The visit to Wharfedale was fixed for Monday and Tuesday, and on the Monday morning they started, after an early breakfast. The party consisted of Aunt Jane, Aunt Julia, Lady Anna, Minnie, and Mr Cross, one of the rector’s curates. The rector would not accompany them, excusing himself to the others generally on the ground that he could not be absent from his parish on those two days. To his wife and sister he explained that he was not able, as yet, to take pleasure in such a party as this with Lady Anna. There was no knowing, he said, what might happen. It was evident that he did not mean to open his heart to Lady Anna, at any rate till the marriage should be settled.
An open carriage which would take them all was ordered — with four post-horses, and two antiquated post-boys, with white hats and blue jackets, and yellow breeches. Minnie and the curate sat on the box, and there was a servant in the rumble. Rooms at the inn had been ordered, and everything was done in proper lordly manner. The sun shone brightly above their heads, and Anna, having as yet received no further letter from her mother, was determined to be happy. Four horses took them to Bolton Bridge, and then, having eaten lunch and ordered dinner, they started for their ramble in the woods.
The first thing to be seen at Bolton Abbey is, of course, the Abbey. The Abbey itself, as a ruin — a ruin not so ruinous but that a part of it is used for a modern church — is very well; but the glory of Bolton Abbey is in the river which runs round it and in the wooded banks which overhang it. No more luxuriant pasture, no richer foliage, no brighter water, no more picturesque arrangement of the freaks of nature, aided by the art and taste of man, is to be found, perhaps, in England. Lady Anna, who had been used to wilder scenery in her native county, was delighted. Nothing had ever been so beautiful as the Abbey — nothing so lovely as the running Wharfe! Might they not climb up among those woods on the opposite bank? Lord Lovel declared that, of course they would climb up among the woods — it was for that purpose they had come. That was the way to the Stryd — over which he was determined that Lady Anna should be made to jump.
But the river below the Abbey is to be traversed by stepping-stones, which, to the female uninitiated foot, appear to be full of danger. The Wharfe here is no insignificant brook, to be overcome by a long stride and a jump. There is a causeway, of perhaps forty stones, across it, each some eighteen inches distant from the other, which, flat and excellent though they be, are perilous from their number. Mrs Lovel, who knew the place of old, had begun by declaring that no consideration should induce her to cross the water. Aunt Julia had proposed that they should go along the other bank, on the Abbey side of the river, and thence cross by the bridge half a mile up. But the Earl was resolved that he would take his cousin over the stepping-stones; and Minnie and the curate were equally determined. Minnie, indeed, had crossed the river, and was back again, while the matter was still being discussed. Aunt Julia, who was strong-limbed, as well as strong-minded, at last assented, the curate having promised all necessary aid. Mrs Lovel seated herself at a distance to see the exploit; and then Lord Lovel started, with Lady Anna, turning at every stone to give a hand to his cousin.
“Oh, they are very dreadful!” said Lady Anna, when about a dozen had been passed.
The black water was flowing fast, fast beneath her feet; the stones became smaller and smaller to her imagination, and the apertures between them broader and broader.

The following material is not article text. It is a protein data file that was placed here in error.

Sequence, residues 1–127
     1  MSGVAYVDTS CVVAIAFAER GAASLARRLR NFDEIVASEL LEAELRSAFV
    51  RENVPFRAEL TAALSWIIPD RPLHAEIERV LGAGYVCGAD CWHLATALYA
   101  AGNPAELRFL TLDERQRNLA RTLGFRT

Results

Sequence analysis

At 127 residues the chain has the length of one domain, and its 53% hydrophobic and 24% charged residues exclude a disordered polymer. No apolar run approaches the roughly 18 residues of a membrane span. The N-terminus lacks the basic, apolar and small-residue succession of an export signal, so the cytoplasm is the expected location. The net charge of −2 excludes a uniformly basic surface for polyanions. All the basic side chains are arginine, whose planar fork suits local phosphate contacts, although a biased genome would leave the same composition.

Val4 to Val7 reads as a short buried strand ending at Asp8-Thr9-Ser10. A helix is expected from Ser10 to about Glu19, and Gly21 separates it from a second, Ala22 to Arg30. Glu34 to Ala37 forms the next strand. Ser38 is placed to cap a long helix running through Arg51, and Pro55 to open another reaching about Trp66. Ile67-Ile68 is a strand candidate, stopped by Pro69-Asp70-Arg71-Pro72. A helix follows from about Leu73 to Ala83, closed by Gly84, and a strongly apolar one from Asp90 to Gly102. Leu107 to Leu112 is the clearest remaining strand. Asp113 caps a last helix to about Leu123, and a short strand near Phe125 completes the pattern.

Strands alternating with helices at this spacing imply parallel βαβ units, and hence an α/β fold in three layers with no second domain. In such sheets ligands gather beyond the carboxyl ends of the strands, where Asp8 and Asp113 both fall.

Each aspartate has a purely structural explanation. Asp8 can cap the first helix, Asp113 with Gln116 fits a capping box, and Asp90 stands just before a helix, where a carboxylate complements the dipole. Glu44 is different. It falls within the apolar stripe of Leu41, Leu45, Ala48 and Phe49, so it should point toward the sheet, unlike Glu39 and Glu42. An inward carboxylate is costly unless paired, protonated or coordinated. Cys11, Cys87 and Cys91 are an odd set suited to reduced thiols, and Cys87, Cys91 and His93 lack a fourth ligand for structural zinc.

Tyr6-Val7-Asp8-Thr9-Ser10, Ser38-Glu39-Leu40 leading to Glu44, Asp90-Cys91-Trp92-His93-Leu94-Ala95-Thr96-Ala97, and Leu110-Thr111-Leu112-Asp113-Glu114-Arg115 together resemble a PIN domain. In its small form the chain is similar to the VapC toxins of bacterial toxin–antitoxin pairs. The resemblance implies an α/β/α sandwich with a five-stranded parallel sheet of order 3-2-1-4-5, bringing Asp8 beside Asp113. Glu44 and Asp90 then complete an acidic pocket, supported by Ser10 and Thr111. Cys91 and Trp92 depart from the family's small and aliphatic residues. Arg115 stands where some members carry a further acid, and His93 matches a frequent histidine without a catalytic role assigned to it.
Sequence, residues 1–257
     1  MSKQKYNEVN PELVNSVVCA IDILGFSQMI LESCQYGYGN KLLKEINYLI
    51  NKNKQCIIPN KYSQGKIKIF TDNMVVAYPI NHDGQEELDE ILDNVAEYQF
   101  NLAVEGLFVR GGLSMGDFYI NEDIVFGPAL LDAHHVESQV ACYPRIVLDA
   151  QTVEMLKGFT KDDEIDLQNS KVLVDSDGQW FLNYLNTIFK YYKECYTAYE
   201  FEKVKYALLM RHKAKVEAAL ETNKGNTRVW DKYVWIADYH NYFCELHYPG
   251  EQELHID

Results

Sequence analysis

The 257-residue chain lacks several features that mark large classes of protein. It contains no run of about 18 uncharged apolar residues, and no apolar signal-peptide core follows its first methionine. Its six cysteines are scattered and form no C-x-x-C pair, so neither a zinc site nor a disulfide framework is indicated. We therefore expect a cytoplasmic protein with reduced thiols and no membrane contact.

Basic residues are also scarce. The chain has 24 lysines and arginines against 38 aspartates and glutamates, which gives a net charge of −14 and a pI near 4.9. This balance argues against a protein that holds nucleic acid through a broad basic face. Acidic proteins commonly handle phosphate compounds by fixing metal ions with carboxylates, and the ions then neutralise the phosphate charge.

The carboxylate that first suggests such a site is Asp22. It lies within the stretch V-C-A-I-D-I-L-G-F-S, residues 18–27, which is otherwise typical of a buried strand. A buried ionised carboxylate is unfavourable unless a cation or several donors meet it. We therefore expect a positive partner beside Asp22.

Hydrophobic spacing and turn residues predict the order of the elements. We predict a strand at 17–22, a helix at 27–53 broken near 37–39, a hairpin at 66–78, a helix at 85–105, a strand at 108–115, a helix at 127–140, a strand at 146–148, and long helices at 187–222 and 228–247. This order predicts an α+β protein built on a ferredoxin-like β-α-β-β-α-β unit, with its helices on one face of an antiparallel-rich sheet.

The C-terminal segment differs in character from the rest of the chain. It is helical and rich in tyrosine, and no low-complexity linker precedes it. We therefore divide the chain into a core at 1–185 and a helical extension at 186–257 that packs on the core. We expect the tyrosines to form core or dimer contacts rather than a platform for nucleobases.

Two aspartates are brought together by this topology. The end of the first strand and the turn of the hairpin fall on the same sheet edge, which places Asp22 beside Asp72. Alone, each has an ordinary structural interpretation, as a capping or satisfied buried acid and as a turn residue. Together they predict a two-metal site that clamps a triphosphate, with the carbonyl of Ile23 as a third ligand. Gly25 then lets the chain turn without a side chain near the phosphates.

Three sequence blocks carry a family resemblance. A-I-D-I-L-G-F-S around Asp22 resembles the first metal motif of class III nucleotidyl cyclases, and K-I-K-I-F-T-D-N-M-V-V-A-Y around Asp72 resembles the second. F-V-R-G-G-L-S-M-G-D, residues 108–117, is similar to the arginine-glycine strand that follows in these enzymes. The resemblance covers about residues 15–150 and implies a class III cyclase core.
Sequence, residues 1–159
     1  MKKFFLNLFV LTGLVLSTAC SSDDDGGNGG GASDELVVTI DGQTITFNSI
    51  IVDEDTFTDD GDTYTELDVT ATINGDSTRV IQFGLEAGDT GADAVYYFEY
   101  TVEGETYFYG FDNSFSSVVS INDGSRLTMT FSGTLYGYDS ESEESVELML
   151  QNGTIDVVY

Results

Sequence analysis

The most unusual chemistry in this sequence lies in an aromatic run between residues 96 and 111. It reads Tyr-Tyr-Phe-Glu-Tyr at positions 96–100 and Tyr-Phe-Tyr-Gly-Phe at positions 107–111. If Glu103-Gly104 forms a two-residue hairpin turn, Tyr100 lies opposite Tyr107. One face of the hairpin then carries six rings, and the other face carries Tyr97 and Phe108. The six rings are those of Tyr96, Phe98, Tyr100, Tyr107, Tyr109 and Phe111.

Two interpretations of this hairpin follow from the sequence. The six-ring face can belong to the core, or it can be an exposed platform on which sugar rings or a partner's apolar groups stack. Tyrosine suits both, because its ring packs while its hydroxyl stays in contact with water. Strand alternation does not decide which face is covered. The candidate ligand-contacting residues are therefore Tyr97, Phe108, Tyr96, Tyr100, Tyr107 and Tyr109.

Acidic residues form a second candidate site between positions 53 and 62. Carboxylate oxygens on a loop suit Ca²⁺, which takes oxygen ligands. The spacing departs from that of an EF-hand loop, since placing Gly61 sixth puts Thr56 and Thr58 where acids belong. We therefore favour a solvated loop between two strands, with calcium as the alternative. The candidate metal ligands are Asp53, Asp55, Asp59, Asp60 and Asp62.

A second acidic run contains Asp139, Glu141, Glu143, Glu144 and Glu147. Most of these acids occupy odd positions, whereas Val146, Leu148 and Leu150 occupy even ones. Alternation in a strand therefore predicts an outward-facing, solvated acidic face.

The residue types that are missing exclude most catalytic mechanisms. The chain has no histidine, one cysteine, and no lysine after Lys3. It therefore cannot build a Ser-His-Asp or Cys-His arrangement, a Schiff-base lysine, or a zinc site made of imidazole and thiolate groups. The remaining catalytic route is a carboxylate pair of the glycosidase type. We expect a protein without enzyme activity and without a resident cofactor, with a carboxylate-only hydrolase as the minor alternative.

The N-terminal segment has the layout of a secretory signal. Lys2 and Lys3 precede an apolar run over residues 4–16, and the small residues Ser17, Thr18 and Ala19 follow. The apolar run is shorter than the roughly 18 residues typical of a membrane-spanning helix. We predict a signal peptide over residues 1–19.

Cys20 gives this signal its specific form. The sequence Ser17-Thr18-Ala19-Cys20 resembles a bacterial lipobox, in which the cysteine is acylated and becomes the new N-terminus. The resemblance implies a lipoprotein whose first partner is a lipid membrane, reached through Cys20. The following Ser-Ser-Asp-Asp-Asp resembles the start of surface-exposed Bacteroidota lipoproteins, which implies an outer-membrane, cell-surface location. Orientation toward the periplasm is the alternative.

“Don’t look at the water, dear,” said the lord, but come on quick.”
“I can’t come on quick. I shall never get over. Oh, Frederic!” That morning she had promised that she would call him Frederic. Even Daniel could not think it wrong that she should call her cousin by his Christian name. “It’s no good, I can’t do that one — it’s crooked. Mayn’t I go back again?”
“You can’t go back, dear. It is only up to your knees, if you do go in. But take my hand. There — all the others are straight — you must come on, or Aunt Julia will catch us. After two or three times, you’ll hop over like a milkmaid. There are only half a dozen more. Here we are. Isn’t that pretty?”
“I thought I never should have got over. I wouldn’t go back for anything. But it is lovely; and I am so much obliged to you for bringing me here. We can go back another way?”
“Oh, yes — but now we’ll get up the bank. Give me your hand.” Then he took her along the narrow, twisting, steep paths, to the top of the wooded bank, and they were soon beyond the reach of Aunt Julia, Minnie, and the curate.
It was very pleasant, very lovely, and very joyous; but there was still present to her mind some great fear. The man was there with her as an acknowledged lover — a lover, acknowledged to be so by all but herself; but she could not lawfully have any lover but him who was now slaving at his trade in London. She must tell this gallant lord that he must not be her lover and, as they went along, she was always meditating how she might best tell him, when the moment for telling him should come. But on that morning, during the entire walk, he said no word to her which seemed quite to justify the telling. He called her by sweet, petting names — Anna, my girl, pretty coz, and such like. He would hold her hand twice longer than he would have held that of either aunt in helping her over this or that little difficulty — and would help her when no help was needed. He talked to her, of small things, as though he and she must needs have kindred interests. He spoke to her of his uncle as though, near as his uncle was, the connection were not nigh so close as that between him and her. She understood it with a half understanding — feeling that in all this he was in truth making love to her, and yet telling herself that he said no more than cousinship might warrant. But the autumn colours were bright, and the river rippled, and the light breeze came down from the mountains, and the last of the wild flowers were still sweet in the woods. After a while she was able to forget her difficulties, to cease to think of Daniel, and to find in her cousin, not a lover, but simply the pleasantest friend that fortune had ever sent her.